The Bronze Star is awarded to any person who served, who distinguished themselves by heroic or meritorious achievements or service, not involving participation in aerial flight, in connection with military operation against an armed enemy while serving in the U.S. Army, or while engaged in military operations involving conflict with an opposing armed force in which the United States is not a belligerent party.

    McGriff’s wife, Faye, along with 21 members of their family, were at his side when he received the award.

    “We had such a crowd,” McGriff said.

    McGriff is thankful for the honor he received, even though it came 64 years late.

    “Everyone that got a combat infantry badge was to get a Bronze Star and I got mine 64 years late,” McGriff said.

    “It was nice to receive it. It was an honor to live this long to celebrate because a lot (soldiers) didn’t make it back.”

    McGriff is proud to have served his country.

    “I feel WWII is the only war we really won,” McGriff said. “That is the only one in my lifetime we really won and defeated two countries.”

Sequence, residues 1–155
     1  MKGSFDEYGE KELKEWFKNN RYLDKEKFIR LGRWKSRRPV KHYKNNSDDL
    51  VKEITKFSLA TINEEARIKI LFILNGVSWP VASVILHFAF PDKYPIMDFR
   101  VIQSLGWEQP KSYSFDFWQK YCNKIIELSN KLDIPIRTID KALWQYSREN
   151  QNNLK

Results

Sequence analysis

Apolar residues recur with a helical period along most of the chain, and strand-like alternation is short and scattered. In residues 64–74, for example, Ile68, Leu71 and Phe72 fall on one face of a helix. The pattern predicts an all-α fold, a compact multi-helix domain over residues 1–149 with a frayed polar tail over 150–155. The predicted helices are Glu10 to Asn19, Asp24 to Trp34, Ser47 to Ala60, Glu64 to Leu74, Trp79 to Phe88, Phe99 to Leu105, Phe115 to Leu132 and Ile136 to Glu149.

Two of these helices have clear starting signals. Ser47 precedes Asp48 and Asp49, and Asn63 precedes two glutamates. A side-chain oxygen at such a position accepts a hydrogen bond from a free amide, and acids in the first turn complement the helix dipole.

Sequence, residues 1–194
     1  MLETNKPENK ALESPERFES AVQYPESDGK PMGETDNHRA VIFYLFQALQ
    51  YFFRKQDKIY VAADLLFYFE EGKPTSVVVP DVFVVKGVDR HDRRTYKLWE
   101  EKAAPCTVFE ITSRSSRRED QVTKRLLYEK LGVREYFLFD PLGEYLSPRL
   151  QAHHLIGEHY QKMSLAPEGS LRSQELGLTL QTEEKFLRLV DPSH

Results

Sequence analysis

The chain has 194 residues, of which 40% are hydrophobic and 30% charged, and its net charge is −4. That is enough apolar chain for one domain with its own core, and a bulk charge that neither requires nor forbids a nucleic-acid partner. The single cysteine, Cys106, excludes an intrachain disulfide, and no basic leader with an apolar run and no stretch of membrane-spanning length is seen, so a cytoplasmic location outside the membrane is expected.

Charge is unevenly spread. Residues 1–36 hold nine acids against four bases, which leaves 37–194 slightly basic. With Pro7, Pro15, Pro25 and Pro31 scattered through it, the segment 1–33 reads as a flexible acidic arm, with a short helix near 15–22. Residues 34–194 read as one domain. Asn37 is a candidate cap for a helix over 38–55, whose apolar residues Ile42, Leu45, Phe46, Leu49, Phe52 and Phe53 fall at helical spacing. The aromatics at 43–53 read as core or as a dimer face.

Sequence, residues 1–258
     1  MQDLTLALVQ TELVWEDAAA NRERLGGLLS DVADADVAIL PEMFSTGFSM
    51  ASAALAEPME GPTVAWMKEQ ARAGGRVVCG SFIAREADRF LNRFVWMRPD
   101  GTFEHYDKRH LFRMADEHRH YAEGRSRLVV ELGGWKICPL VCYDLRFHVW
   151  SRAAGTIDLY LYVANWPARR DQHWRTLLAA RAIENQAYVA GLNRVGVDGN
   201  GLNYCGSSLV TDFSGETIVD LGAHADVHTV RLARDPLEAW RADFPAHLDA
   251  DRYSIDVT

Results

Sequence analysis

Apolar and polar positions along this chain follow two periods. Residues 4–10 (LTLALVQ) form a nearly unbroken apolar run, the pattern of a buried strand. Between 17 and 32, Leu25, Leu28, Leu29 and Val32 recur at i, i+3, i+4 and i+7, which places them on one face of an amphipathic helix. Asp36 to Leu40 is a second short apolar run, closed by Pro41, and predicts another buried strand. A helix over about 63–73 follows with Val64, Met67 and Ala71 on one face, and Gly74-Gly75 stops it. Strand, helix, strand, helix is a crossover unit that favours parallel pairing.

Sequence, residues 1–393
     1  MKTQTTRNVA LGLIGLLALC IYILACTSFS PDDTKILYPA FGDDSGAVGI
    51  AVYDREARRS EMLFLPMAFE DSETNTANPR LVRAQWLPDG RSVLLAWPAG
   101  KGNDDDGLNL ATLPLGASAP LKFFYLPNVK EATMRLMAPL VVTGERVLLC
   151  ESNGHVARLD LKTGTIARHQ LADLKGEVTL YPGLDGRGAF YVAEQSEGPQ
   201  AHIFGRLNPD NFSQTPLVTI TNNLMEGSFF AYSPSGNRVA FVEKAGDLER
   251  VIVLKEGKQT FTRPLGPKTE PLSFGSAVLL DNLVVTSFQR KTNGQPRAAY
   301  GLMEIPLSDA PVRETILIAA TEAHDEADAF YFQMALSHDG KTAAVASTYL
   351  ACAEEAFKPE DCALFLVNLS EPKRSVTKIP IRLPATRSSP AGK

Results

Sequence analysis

McGriff said he came close to dying many times. He remembered one close call when a Japanese soldier threw a hand grenade in his foxhole.

    “If it had exploded, it probably would have taken my legs,” McGriff said.

    On July 29, McGriff will travel on an honor flight to see the Veteran’s Memorial in Washington, D.C.

    “I’ll probably see a lot of the names I knew from the war,” he said
  3. spidge

    spidge Active Member

    Hi David,

    Is there a numerical list of veterans that they are sorting through?
  4. David Layne

    David Layne Active Member

    Not that I am aware of. I read about them and post them here when I see them.
  5. David Layne

    David Layne Active Member

    TRENTON — World War II veteran William Schuster was honored for his tribute to his country.

    The 92-year-old received a Bronze Star medal Thursday at the Farmington Health Center in Farmington, a skilled nursery facility where he is staying as he battles cancer.

    Richard Williams of Veterans of Foreign Wars Post 1888 in Trenton conducted the ceremony and presented Schuster with the medal. About a dozen people attended the private ceremony.